Whiskey When We’re Dry
When seventeen year old Jessilyn Harney is suddenly orphaned and left to her own devices on her family’s western homestead in the spring of 1885, she does what so many fictional characters like her have done before. She disguises herself as a boy and goes out into the world to try and survive.
Jessilyn decides to set out to find her outlaw older brother, Noah. Jess is a sharpshooter, and her talents mostly sustain her on her journey in the form of bets and wagers in shooting contests. However, it’s this skill that eventually compels the territory’s violent and unpredictable Governor to employ Jess (calling herself Jessie Straight) as a personal guard. The militia she joins is also hunting Noah, and plans to capture him dead or alive.
Jess is the best sort of hero – strong, smart, quick, and entirely engaging. The book jacket quotes BookPeople describing Jess as “Arya Stark meets True Grit,” and I couldn’t agree more. John Larison has created a completely original character out of familiar tropes, and set her in a book as wide and sweeping as the early American landscape in which it is set. I highly recommend Whiskey When We’re Dry.
Hardcover: 400 pages
Publisher: Viking; 1st Edition edition (August 21, 2018)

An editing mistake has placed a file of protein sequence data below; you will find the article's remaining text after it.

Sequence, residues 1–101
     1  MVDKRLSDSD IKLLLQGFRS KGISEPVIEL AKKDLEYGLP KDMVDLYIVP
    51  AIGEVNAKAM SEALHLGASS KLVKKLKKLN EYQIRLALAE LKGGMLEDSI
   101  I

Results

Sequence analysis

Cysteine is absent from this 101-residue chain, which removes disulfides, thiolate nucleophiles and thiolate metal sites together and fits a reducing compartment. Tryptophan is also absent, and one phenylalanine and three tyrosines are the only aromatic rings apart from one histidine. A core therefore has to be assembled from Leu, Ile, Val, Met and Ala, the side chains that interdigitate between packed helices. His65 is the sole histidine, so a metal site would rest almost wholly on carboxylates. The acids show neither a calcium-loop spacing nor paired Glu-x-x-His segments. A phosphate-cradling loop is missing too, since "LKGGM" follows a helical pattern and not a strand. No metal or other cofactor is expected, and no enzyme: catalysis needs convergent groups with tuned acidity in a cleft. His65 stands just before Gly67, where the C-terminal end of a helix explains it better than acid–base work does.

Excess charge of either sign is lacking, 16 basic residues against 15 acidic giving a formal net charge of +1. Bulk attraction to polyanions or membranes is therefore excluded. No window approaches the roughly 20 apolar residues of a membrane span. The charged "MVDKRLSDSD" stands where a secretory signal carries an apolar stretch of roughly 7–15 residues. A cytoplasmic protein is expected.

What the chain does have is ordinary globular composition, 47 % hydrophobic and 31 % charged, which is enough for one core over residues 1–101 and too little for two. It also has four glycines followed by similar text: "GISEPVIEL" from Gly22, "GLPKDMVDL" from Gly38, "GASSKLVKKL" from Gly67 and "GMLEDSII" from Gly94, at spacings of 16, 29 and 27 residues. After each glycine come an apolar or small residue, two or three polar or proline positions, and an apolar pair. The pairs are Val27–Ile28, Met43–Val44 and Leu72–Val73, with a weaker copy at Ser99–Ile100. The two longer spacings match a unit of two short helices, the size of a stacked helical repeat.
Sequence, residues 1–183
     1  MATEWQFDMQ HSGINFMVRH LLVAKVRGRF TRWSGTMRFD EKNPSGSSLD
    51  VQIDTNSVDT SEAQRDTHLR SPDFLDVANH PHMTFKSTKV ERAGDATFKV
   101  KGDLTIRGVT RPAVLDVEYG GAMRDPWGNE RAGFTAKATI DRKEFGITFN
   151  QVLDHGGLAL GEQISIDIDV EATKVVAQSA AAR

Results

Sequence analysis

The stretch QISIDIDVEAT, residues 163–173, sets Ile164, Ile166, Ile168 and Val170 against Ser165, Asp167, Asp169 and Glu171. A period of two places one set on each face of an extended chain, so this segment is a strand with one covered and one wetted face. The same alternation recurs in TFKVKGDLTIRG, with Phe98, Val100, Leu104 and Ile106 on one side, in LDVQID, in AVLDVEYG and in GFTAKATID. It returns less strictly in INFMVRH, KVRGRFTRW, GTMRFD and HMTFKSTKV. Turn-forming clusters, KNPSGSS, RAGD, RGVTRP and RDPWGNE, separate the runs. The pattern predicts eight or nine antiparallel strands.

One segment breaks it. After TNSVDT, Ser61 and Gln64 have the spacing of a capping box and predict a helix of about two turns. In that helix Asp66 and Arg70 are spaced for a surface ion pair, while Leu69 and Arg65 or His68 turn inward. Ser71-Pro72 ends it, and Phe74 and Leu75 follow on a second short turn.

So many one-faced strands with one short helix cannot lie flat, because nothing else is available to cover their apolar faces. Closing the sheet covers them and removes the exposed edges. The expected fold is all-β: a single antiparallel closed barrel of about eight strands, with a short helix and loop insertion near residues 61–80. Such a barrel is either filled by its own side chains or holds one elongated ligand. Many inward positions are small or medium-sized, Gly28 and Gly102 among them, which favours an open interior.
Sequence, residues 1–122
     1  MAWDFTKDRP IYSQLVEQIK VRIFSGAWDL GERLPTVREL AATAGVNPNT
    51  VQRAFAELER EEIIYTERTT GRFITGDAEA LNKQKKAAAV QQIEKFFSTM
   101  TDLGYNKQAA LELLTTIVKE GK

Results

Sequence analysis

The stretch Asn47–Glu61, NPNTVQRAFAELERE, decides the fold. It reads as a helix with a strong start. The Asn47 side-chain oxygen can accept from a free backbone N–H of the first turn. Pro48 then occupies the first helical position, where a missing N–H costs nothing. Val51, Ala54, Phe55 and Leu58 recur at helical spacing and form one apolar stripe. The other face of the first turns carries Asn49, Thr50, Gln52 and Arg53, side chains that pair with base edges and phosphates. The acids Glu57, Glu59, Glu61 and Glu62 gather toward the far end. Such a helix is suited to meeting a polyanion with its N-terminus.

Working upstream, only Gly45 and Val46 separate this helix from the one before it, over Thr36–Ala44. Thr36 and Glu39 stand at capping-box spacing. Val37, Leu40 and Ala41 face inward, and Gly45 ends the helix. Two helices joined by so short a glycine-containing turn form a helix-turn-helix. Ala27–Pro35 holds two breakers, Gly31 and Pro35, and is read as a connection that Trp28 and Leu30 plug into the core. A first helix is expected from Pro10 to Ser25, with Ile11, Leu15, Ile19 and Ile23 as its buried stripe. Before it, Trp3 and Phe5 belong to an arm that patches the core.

“[A] sweeping saga… John Larison’s new book plunges readers into the American West while simultaneously reimagining the mythic frontier. It examines issues of gender and race through the story of 17-year-old Jesse Harney and begins in the spring of 1885, when she dresses in men’s clothes, mounts her horse, and sets out west in search of her big brother, an outlaw on the frontier.”—Southern Living
“Larison has developed a pitch-perfect voice for his intrepid heroine.”—Publishers Weekly
“Larison gifts Jess with a strong voice to narrate her own story…. his western epic has wide appeal” —Booklist
“Told in -Jessilyn’s hard-hitting voice, [WHISKEY WHEN WE’RE DRY] has the resonance of a high lonesome ballad.” —Library Journal
“Like Philipp Meyer’s The Son or Robert Olmstead’s Savage Country, Whiskey When We’re Dry draws on Larison’s own experiences with the “cowboy arts” to paint a vivid portrait of the American West as witnessed by an unforgettable character.”—BookPage